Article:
To your specific route. Windhoek to Swak. There have been cases of Cheetah being run down on that road so they are around.So are antelope and goats.

but I am talking road accident here, not attacks.

In Damaraland you may be lucky enough to see Kudu, Giraffe and even Elephant from the car. Certainly Dik Dik and Steenbock etc., Again common sense applies. Ellies will demand right of way so stay back and let them cross peacefully. If you are far enough back then no harm in stepping out but the best pictures will be from closer to, through an open window.

Family groups will normally cross with a large female first, who will stand mid road like a crossing warden, then the little ones and nursing mums, Coming along at the rear will be another adult. The Warden will then most likely shake her head at you and then wheel round and move on. Drive on when she is well clear of the road and facing away. If she stays put, so should you, there may be a recalcitrant youngster still to cross that you have not seen.

As you say it is common sense.

Whatever you do do not allow your pax to stand on the roof or hood for a better view if there is wildlife around. How do you drive off quickly if you have to?

Does this help? (I was only teasing the Australian girl about the Welwitschia.)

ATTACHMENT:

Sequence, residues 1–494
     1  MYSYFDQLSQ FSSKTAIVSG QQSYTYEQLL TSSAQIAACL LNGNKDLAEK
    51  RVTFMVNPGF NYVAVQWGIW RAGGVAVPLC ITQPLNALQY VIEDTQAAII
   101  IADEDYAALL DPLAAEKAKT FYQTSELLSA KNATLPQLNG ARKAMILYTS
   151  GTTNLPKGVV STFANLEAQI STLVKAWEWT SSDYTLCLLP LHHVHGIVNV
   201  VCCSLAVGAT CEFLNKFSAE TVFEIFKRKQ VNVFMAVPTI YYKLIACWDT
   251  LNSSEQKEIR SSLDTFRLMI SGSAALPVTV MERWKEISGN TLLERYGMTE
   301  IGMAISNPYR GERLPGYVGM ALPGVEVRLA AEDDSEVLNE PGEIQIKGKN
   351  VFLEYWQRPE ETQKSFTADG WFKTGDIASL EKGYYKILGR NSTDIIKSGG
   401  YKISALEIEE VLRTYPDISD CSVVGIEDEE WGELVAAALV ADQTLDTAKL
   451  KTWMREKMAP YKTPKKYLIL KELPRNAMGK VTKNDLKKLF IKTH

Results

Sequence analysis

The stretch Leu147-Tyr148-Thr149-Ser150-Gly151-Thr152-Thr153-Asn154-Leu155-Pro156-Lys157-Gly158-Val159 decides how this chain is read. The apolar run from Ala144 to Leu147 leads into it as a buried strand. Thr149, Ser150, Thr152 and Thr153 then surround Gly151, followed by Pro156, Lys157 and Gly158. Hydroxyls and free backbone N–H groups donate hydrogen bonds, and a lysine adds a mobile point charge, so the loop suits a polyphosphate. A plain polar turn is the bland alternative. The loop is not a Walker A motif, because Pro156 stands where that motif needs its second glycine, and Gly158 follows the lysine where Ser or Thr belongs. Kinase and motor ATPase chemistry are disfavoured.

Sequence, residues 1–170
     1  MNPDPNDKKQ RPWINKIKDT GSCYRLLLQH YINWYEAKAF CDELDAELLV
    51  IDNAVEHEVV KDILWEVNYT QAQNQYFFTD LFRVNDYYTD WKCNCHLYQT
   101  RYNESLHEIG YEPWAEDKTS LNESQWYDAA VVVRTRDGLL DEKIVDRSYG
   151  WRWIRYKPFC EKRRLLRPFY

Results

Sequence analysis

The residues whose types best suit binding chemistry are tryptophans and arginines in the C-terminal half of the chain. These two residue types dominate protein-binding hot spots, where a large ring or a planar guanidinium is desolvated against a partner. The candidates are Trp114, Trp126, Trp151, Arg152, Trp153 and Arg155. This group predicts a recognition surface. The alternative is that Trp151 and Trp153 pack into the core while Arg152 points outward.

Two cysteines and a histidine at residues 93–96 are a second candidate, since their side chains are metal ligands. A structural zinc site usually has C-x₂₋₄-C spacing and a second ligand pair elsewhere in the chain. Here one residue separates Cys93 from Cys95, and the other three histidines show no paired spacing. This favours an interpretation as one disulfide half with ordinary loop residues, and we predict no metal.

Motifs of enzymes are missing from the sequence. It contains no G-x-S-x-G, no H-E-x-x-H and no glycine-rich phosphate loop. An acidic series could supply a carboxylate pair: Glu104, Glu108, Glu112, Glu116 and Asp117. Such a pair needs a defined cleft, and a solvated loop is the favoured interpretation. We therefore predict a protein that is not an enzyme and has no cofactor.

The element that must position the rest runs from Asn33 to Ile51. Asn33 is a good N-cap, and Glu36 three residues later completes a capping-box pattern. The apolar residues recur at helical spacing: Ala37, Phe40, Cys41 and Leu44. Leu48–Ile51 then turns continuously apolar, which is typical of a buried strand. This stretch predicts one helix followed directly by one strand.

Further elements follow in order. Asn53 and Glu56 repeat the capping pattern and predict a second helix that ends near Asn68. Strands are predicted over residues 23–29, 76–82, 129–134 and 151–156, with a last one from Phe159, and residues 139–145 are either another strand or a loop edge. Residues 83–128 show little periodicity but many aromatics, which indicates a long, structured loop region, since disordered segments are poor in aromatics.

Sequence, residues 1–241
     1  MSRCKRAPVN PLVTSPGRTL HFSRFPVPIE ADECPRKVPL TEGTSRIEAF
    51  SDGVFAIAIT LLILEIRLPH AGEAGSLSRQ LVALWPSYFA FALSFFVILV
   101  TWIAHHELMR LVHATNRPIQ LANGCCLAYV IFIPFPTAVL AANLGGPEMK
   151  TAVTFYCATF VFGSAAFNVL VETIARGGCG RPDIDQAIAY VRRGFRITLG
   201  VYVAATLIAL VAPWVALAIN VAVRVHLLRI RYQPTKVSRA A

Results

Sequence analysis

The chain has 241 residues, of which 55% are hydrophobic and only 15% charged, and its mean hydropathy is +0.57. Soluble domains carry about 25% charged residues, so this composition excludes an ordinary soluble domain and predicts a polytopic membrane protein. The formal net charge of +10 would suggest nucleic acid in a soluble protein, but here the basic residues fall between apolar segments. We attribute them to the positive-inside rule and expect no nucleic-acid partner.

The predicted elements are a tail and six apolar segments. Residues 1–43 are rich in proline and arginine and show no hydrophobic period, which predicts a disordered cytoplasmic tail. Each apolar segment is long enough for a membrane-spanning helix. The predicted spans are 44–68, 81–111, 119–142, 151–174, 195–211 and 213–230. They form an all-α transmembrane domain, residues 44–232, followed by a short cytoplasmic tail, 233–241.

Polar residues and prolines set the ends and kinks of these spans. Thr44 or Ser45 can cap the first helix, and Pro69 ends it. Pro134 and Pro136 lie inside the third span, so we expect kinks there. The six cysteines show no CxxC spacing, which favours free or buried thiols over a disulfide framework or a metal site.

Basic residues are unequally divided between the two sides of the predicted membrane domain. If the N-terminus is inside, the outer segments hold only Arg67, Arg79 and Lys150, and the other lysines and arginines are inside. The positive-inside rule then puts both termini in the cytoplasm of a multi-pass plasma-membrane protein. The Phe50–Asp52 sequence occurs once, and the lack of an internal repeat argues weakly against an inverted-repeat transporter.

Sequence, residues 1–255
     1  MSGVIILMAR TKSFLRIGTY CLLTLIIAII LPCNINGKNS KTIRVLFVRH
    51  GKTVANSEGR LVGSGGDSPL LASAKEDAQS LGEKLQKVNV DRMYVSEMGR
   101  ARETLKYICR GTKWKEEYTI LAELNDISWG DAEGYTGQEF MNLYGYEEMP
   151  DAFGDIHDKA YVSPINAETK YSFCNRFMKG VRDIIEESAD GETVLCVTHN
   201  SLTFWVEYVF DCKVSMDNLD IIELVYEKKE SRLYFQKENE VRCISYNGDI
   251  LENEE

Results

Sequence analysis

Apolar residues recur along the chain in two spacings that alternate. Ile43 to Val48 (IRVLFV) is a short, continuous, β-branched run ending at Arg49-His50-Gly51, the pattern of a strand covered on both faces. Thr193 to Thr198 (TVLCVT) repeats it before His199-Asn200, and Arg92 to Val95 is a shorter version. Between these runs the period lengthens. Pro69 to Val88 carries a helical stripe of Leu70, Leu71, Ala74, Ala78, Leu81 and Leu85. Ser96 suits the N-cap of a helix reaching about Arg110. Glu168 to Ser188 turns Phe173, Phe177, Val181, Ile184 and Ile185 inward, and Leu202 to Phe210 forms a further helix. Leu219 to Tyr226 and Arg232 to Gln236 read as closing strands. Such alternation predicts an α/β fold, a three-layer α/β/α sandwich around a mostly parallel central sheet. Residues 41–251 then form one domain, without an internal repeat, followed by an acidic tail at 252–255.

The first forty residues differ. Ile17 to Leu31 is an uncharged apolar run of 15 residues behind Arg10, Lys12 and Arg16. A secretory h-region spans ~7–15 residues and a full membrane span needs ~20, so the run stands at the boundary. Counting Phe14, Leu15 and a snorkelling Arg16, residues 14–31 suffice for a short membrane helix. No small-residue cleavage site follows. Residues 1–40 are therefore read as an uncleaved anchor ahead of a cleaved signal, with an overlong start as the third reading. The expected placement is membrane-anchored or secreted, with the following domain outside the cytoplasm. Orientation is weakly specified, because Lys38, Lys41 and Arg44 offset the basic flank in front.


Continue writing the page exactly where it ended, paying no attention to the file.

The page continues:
Nashville, Tennessee
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3. Re: Dangerous out of car?

I knew the tease from the Welwitschia.

It sounds like staying close to road for pictures should be fine with common sense. I know something could happen anywhere (here in america as well) but common sense seems to protect in most situations.

Outside of the park, it would be highly unlikely to have a predator waiting around for someone to stop and pounce? I guess distance and precaution with most big animals applies. Also, a lookout wouldn't hurt either. I was most worried with my 2 daughters (age 9 and 12 during travel) that they might look like a "young prey" to a predator.

Sounds like the elephant always has the rigth of way...

Also sounds like traveling at night would be foolish if it can be avoided.

Do I need to worry about 2 legged predators in the picnic areas during the day? They might scare me more than the 4 legged type....